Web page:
a resume opens doors. Kinda something I’m joking about now
is, “I think I’m actually going to get to do theater again, because
I’m in a big film.” [audience laughing] But, uh… yeah. (BYRNE)
Can I ask you, um… what your ambition for your career is?
Or do you think like that? ‘Cause a lot of young actors now,
I notice, have a worked-out trajectory where they’re working in theater and
the next minute they’ve got managers, and lawyers, and agents, and
publicists, and all that. (ROGERS)
Yeah, I don’t think that’s
necessarily my style. I love my agent and my manager
who I got through a theater play, but I’m… I don’t have it worked out. Doing more. Just doing more, I guess. The goal is to be solely employed.
Support myself doing acting. Which is a question I wanted to
ask you about. On your IMDB page, it pretty much seems like you started
working non-stop when you– since the late ’70s. Maybe jumping back… If there’s time, we can talk more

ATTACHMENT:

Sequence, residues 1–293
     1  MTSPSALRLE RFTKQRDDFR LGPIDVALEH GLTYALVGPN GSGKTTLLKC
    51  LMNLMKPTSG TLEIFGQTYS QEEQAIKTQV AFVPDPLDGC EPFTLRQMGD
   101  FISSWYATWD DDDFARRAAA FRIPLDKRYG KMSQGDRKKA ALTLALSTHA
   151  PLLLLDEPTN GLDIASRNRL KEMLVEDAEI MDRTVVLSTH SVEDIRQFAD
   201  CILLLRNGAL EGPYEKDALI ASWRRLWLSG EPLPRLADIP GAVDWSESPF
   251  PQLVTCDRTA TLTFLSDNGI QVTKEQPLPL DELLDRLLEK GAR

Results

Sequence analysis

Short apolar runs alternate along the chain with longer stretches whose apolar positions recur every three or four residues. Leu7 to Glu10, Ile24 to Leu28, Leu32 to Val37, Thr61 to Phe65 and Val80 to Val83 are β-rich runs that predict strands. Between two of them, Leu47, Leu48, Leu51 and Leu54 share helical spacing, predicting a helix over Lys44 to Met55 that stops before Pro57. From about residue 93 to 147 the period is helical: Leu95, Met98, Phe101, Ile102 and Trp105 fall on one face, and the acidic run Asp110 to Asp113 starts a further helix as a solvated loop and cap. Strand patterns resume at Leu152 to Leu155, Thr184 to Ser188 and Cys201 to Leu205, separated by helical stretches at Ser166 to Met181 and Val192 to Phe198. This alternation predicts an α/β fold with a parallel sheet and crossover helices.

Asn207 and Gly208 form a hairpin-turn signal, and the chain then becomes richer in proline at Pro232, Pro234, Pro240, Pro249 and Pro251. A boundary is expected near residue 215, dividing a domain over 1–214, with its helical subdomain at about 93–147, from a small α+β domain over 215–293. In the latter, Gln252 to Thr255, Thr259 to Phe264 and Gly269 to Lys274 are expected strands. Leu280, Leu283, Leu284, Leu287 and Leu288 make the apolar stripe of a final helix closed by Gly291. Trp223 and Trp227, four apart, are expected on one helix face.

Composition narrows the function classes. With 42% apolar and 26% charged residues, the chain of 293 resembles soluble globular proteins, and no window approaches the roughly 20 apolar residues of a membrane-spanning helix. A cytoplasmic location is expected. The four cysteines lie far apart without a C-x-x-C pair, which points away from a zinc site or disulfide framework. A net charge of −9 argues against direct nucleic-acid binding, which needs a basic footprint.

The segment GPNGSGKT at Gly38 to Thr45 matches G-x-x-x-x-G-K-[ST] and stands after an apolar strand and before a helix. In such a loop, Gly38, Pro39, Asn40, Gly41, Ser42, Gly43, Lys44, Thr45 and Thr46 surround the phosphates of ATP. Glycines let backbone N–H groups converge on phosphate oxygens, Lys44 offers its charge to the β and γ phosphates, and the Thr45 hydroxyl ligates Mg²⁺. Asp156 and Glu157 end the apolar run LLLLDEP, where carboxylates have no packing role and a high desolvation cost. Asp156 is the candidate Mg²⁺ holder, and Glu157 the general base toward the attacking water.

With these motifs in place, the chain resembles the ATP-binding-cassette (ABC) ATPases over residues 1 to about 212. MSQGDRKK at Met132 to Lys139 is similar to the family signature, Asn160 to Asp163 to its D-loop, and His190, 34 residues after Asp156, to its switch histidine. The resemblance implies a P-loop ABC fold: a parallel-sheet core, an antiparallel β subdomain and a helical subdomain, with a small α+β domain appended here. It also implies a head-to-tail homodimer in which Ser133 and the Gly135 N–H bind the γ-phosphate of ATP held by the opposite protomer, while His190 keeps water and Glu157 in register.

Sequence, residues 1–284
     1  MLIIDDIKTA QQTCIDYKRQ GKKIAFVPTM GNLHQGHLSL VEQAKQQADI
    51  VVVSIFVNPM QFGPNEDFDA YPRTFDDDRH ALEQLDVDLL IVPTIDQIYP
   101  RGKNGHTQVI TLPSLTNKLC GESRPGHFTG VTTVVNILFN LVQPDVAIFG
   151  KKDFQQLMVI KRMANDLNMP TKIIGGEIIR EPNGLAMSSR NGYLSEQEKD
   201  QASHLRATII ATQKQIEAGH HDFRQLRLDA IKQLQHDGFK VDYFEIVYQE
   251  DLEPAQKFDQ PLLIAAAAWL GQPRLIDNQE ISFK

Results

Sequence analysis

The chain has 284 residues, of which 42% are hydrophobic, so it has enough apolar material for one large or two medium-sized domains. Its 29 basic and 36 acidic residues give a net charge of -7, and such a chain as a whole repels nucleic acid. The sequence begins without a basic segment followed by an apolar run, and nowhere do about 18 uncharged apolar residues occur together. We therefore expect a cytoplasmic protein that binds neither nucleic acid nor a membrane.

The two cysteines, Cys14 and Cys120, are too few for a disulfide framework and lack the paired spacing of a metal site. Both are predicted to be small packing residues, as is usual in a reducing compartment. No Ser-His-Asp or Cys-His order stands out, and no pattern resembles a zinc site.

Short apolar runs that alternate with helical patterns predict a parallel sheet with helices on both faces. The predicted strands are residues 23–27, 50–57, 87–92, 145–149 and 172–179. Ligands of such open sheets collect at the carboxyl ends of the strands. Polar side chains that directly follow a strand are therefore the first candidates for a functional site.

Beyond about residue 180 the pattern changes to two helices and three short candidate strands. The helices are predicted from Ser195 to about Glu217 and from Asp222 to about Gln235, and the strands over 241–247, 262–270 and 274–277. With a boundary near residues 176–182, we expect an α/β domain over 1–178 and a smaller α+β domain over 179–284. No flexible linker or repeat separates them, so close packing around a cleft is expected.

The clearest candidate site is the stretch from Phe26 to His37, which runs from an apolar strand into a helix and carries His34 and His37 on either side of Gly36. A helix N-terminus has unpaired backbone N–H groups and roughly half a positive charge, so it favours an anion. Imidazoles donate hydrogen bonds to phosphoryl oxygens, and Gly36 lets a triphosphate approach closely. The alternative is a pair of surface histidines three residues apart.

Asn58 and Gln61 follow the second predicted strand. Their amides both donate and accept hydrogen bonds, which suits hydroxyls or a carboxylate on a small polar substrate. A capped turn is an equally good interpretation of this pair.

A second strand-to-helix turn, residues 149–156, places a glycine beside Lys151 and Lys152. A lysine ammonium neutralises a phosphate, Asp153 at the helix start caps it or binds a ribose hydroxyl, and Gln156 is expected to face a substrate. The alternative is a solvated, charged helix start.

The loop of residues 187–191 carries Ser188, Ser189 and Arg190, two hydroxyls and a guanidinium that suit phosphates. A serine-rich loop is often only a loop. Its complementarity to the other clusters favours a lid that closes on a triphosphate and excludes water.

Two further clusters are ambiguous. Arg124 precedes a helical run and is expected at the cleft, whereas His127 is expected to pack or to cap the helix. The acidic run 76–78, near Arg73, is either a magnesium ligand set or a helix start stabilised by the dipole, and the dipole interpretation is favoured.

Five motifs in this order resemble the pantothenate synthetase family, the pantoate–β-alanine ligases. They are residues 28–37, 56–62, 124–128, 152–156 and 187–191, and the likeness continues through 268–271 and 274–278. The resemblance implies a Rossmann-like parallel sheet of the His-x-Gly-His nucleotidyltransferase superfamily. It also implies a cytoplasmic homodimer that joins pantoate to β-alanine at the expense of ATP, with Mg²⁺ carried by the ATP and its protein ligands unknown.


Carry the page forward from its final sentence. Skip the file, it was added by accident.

about my career. [audience laughter] But I— no, no. Did you have—? Because you started, you were
doing theater and then you started auditioning
for TV and film, I guess and you got on the TV show
“The Riordans?” Um… was that a goal of yours? (BYRNE)
No. At that time, there was no
film industry in Ireland. There was no television.
There was one channel. And everybody watched it on
a Sunday night and a Saturday night. And there was a soap opera on there. And to me that was the zenith of
what you could achieve as an actor. And I never thought I would ever
have the chance of being on that. I did. It was my father’s
favorite program, and the thing I’m most proud of
is that before he died, he got to see me, sitting with him in
the room, and watching me on television. It was the most surreal experience
I think he’d ever had in his life. (ROGERS)
Backstage you said that when you
told him you were gonna be an actor, he told his friends that his son